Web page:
Peralta Community College District's Only Student-Run Publication
Peralta Community College District's only student-run publication.

The Citizen

Peralta Community College District's only student-run publication.

The Citizen

Peralta Community College District's only student-run publication.

The Citizen

    Science Not Silence

    San Francisco protests Trump science policies

    By Adrienne Miller
    Tower Staff Writer

    On Earth Day, April 22, tens of thousands of people gathered in downtown San Francisco to advocate for scientific research and advancement.

    Opposing the Trump Administration’s proposed cutbacks on federal agencies promoting science, the protesters also rallied in support of their comrades and allies in STEM (Science, Technology, Engineering, Mathematics) fields.

    The proclaimed goals of the March for Science were communication, funding, policy, literacy, and diversity.

    According to the organizers, the Science March was aimed at celebrating “public discovery, understanding, and distribution of scientific knowledge as crucial to the freedom, success, health, and safety of life on this planet.”

    The march began as a rally in Justin Herman Plaza across from San Francisco’s iconic Ferry Terminal Building.

    The march aimed to celebrate the science ‘crucial to the safety of life on this planet.’

    The crowd spilled over from the plaza into Market Street carrying witty, poignant, and science-oriented signs that read, “Science Not Silence,” “Science Saves Lives — Fund Research,” “Independent Science by and For the People,” and “EPA — May the Force Be With You!”

    People wearing lab coats, Star Wars and Star Trek paraphernalia, and dinosaur outfits filled the crowd. The Science March began at 12:30 p.m. and slowly weaved its way up Market Street, ending at Civic Center plaza.

    At Civic Center, a science fair was set up with booths to “provide an opportunity for all ages to engage, create, discover, and connect.”

    The main impetus for the San Francisco Science March, as well as sister science marches around the country, was in reaction to the Trump administration’s stance on science and environmental policies.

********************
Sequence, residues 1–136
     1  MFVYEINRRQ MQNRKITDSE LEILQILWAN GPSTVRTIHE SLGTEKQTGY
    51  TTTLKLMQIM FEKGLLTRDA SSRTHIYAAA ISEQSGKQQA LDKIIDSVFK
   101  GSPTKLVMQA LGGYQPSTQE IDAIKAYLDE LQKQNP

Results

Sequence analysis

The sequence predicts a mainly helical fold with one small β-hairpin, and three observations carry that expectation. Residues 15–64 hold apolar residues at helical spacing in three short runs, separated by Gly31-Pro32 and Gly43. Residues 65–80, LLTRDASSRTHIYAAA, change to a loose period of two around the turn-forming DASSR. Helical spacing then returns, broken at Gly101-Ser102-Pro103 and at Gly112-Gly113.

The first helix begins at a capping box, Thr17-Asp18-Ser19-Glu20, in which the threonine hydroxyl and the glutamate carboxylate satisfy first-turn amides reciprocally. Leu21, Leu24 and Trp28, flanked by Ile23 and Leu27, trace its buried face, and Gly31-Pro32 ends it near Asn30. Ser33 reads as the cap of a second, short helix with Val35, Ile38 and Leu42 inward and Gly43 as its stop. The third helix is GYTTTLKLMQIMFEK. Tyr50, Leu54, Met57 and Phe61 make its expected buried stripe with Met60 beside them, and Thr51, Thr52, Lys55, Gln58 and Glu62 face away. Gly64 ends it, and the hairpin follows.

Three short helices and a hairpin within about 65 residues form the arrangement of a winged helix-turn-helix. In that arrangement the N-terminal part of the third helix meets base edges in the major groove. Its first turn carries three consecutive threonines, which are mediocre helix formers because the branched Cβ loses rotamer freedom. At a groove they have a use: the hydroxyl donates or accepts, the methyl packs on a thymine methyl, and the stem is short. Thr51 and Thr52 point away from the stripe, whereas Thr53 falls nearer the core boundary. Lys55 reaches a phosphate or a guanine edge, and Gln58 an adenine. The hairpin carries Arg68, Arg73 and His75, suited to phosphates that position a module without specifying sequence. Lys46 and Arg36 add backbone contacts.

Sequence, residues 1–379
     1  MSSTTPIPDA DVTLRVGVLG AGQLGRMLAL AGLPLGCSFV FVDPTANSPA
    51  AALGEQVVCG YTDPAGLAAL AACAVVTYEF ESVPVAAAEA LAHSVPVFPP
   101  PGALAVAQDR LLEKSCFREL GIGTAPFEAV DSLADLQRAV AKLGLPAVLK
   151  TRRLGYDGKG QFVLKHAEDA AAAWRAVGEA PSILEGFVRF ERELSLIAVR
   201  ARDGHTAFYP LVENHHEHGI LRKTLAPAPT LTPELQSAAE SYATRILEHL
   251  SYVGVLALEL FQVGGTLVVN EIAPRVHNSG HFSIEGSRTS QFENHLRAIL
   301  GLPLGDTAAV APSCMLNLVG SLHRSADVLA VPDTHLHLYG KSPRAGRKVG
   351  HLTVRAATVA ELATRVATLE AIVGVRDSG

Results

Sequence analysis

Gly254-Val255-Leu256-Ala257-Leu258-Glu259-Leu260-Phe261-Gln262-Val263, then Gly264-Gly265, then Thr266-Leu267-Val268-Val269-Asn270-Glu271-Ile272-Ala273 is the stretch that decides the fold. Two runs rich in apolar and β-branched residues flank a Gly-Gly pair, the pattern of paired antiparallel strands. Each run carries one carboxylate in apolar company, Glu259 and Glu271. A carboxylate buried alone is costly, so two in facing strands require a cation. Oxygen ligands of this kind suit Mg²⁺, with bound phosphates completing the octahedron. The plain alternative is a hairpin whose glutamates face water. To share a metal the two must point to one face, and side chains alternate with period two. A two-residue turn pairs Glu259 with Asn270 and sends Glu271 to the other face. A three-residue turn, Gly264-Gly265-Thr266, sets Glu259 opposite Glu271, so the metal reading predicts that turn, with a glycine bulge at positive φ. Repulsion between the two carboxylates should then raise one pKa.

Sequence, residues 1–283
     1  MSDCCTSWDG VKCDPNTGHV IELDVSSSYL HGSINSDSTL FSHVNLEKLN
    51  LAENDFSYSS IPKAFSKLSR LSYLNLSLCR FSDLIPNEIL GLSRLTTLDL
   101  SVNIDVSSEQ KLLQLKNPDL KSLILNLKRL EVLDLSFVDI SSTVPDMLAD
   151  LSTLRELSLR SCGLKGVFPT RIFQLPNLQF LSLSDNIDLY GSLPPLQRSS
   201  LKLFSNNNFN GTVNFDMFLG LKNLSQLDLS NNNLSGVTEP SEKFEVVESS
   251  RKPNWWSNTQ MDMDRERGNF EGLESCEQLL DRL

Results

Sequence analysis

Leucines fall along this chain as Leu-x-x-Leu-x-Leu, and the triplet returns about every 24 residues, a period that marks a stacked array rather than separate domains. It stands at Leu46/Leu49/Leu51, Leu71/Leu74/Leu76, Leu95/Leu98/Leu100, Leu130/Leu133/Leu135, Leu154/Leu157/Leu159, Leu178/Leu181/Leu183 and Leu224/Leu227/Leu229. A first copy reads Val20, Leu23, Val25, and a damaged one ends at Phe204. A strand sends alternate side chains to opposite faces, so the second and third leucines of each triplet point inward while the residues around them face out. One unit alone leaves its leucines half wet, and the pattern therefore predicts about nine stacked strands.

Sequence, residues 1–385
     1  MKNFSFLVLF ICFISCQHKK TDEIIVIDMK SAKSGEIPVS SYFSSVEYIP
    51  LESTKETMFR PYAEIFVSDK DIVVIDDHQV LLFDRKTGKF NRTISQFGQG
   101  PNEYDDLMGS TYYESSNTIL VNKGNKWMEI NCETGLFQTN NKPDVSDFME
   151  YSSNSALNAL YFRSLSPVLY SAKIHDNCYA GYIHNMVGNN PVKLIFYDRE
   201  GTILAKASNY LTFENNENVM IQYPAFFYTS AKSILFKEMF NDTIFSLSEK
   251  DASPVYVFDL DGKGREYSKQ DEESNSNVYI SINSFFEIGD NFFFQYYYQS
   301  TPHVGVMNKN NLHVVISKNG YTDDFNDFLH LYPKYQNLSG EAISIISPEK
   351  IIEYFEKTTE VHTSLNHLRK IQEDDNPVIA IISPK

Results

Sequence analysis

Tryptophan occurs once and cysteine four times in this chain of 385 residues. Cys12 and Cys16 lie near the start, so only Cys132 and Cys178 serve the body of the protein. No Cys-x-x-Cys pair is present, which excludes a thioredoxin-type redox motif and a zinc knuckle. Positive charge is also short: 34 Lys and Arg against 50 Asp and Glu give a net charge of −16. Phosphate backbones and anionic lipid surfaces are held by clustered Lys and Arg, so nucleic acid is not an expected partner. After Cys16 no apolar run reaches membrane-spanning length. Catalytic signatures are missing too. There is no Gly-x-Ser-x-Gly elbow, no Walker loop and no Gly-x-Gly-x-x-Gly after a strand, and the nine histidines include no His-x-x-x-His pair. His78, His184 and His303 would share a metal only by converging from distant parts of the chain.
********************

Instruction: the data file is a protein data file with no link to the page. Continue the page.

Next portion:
For example, according to the Washington Post, the Environmental Protection Agency (EPA) is facing a $2.6 billion (31 percent) budget cut for 2018, as compared to the 2017 budget.

    The EPA established and enforces the Clean Water Act and Clean Air Act, as well as regulates toxic waste disposal and Superfund sites.

    The United States Department of Agriculture (USDA) is also facing a $5 billion (21 percent) budget cut.

    The USDA works to implement food safety regulations, protect natural resources, and support farmers.

    The Trump administration also plans to eliminate funding for 19 federal agencies including the Chemical Safety Board and Denali Commission, which provides critical government support to Alaska.

    Protesters vow to continue the marches against the Trump administration as long as vulnerable federal programs remain on the chopping block.

    Adrienne Miller is a Tower Staff Photographer and Writer.

    About the Contributor
    In the fall of 2019, The Laney Tower rebranded as The Citizen and launched a new website. These stories were ported over from the old Laney Tower website, but byline metadata was lost in the port. However, many of these stories credit the authors in the text of the story. Some articles may also suffer from formatting issues. Future archival efforts may fix these issues.  
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